Monday, September 21, 2009
Over this past weekend, I found both design inspiration and practical instruction in an unexpected place. This happy circumstance was all due to the fact that we were low on rice, sesame oil and a few other essentials (in this household, at least) and ended up visiting Mitsuwa Marketplace. If you are fortunate enough to live near a Mitsuwa (I believe there are four in the U.S. - two in California, one in New Jersey and one in Illinois) but have never visited it, I highly recommend a trip. It's sort of a mini-mall - a really nice Japanese grocery with bakery, a food court serving various types of Japanese food (ours used to also offer Korean but now offers Chinese instead) and various small businesses - ours currently has a Japanese ceramics shop, a sweets shop, a travel agency specializing in Asia, a video store (which ditto) and a bookstore.
Despite my inability to read Japanese (I can pick out a short word here and there but that's about it), the lure of books is always irresistible to me. While the Short One was distracted by a cone of soft serve green tea ice cream, I ended up sneaking around the corner after lunch to Books Sanseido. I decided to check out the craft section of the store in a fit of optimism. Because I am not a beadweaver, I wasn't actually expecting to find much that I could use, but surprise, surprise - I ended up walking out with the above purchases. The larger booklet is pretty self-explanatory - it's a nice little exposition on ring-making with PMC3 with very clear photographs.
The smaller book is the one I find terribly interesting. It's part of a "Traditional Japanese Patterns" series. There were four volumes available in the store, all filled with renderings of some of the gorgeous embroidered designs found in Japanese textiles. These are truly lovely books. I looked through all four and ended up purchasing volume 2. Here are a couple examples of patterns in the one I brought home:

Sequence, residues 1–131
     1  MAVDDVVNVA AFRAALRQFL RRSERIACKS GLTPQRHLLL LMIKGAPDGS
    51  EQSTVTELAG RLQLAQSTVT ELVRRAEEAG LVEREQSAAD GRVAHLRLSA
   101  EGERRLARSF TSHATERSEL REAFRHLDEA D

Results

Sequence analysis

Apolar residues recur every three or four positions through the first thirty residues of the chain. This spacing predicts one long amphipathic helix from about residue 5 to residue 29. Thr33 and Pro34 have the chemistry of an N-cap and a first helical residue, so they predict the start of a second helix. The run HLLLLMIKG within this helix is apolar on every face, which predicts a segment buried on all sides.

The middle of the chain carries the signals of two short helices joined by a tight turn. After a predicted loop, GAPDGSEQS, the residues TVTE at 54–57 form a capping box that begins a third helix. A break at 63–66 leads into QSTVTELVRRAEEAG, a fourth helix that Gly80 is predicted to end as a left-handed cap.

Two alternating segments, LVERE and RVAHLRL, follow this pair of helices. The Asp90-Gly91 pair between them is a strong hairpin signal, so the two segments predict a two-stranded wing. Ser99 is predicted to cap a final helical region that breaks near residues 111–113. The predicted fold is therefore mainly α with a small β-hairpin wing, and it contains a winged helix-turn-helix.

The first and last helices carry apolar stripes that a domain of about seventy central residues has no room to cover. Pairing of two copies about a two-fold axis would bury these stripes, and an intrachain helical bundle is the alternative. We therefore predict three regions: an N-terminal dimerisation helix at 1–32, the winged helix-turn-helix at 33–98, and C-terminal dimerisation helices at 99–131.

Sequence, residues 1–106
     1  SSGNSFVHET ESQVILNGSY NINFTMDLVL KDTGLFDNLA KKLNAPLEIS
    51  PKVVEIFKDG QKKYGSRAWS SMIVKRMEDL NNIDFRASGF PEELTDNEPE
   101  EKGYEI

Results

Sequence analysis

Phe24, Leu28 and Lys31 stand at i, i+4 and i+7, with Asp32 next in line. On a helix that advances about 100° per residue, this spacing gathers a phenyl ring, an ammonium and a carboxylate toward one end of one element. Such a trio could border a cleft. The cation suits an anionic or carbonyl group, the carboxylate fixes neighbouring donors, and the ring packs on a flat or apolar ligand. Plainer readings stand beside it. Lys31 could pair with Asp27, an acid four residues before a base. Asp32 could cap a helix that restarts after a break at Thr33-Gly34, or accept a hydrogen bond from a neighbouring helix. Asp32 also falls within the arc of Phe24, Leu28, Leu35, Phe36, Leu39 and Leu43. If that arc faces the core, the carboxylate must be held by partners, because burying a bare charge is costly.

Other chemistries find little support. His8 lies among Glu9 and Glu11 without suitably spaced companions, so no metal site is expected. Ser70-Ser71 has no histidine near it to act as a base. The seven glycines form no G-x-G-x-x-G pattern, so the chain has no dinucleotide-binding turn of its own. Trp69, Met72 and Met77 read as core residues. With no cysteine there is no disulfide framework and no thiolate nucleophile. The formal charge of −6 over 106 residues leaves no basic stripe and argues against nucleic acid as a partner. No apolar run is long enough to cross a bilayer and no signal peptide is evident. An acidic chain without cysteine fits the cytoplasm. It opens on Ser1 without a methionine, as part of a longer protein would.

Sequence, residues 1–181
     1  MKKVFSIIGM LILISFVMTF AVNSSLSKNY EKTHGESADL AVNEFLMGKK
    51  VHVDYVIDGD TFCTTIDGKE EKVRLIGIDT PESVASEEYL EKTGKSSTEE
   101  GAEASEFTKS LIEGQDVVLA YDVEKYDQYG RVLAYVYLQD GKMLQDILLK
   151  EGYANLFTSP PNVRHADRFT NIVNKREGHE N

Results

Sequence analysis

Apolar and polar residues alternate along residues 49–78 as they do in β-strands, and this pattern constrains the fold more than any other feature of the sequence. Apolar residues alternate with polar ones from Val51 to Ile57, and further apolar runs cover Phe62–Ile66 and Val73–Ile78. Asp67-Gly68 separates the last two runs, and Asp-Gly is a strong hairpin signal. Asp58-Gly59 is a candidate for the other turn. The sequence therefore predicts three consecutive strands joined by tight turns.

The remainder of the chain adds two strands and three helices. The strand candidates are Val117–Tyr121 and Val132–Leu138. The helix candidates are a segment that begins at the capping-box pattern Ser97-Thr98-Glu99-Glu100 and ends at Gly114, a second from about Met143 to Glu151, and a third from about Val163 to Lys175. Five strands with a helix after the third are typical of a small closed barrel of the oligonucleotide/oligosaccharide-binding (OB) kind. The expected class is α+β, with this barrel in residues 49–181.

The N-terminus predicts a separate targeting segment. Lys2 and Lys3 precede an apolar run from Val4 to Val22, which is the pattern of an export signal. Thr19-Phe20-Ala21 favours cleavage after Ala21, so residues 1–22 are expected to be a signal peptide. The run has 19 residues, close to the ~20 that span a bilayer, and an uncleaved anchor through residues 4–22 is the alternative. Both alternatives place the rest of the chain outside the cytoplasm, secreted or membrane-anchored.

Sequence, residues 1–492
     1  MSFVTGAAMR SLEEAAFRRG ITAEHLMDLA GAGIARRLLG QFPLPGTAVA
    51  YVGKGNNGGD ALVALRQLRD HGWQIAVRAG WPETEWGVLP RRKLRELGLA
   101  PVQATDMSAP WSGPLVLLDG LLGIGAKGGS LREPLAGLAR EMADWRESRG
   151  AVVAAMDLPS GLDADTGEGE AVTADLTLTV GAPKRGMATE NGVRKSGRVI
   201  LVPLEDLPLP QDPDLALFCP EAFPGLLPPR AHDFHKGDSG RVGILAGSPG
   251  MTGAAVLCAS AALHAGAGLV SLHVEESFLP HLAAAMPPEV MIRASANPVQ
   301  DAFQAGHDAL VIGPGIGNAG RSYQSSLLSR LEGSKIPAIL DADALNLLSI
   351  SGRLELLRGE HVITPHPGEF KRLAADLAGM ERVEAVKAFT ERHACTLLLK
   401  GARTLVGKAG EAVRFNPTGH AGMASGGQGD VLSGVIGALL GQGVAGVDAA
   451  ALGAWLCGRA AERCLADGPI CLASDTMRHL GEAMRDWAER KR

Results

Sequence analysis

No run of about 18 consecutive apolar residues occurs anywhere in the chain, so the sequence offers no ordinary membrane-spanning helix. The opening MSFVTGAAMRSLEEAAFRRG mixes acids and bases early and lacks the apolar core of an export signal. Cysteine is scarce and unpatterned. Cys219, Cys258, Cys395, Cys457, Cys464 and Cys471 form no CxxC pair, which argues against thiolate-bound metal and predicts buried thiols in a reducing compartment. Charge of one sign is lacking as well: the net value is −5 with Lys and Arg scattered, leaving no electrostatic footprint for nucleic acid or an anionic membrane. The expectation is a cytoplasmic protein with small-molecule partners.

In addition to the Japanese text in the book, there is an introduction to the book written in English placed at what would be the beginning of a Western book (and the end of a Japanese book) which is quite handy and suggests, of course, that the book was published in part for Western consumption. However, I seriously doubt you would be able to find these volumes on the shelf of an American bookstore.
So our little shopping trip this weekend was a reminder to me - and a suggestion to you - that investigating places such as foreign language bookstores can yield unexpected benefits. I am not well-educated in such traditional Japanese designs, but I have always loved the ones I have encountered from time to time. I am extremely happy to be able to add this collection of motifs to my small - but growing - design library.
Oh, and, by the way, if you are interested in this particular series of books, the collection was created by the textile company Kurenai-kai and published by Seigensha Art Publishing, Inc.
Thanks for visiting.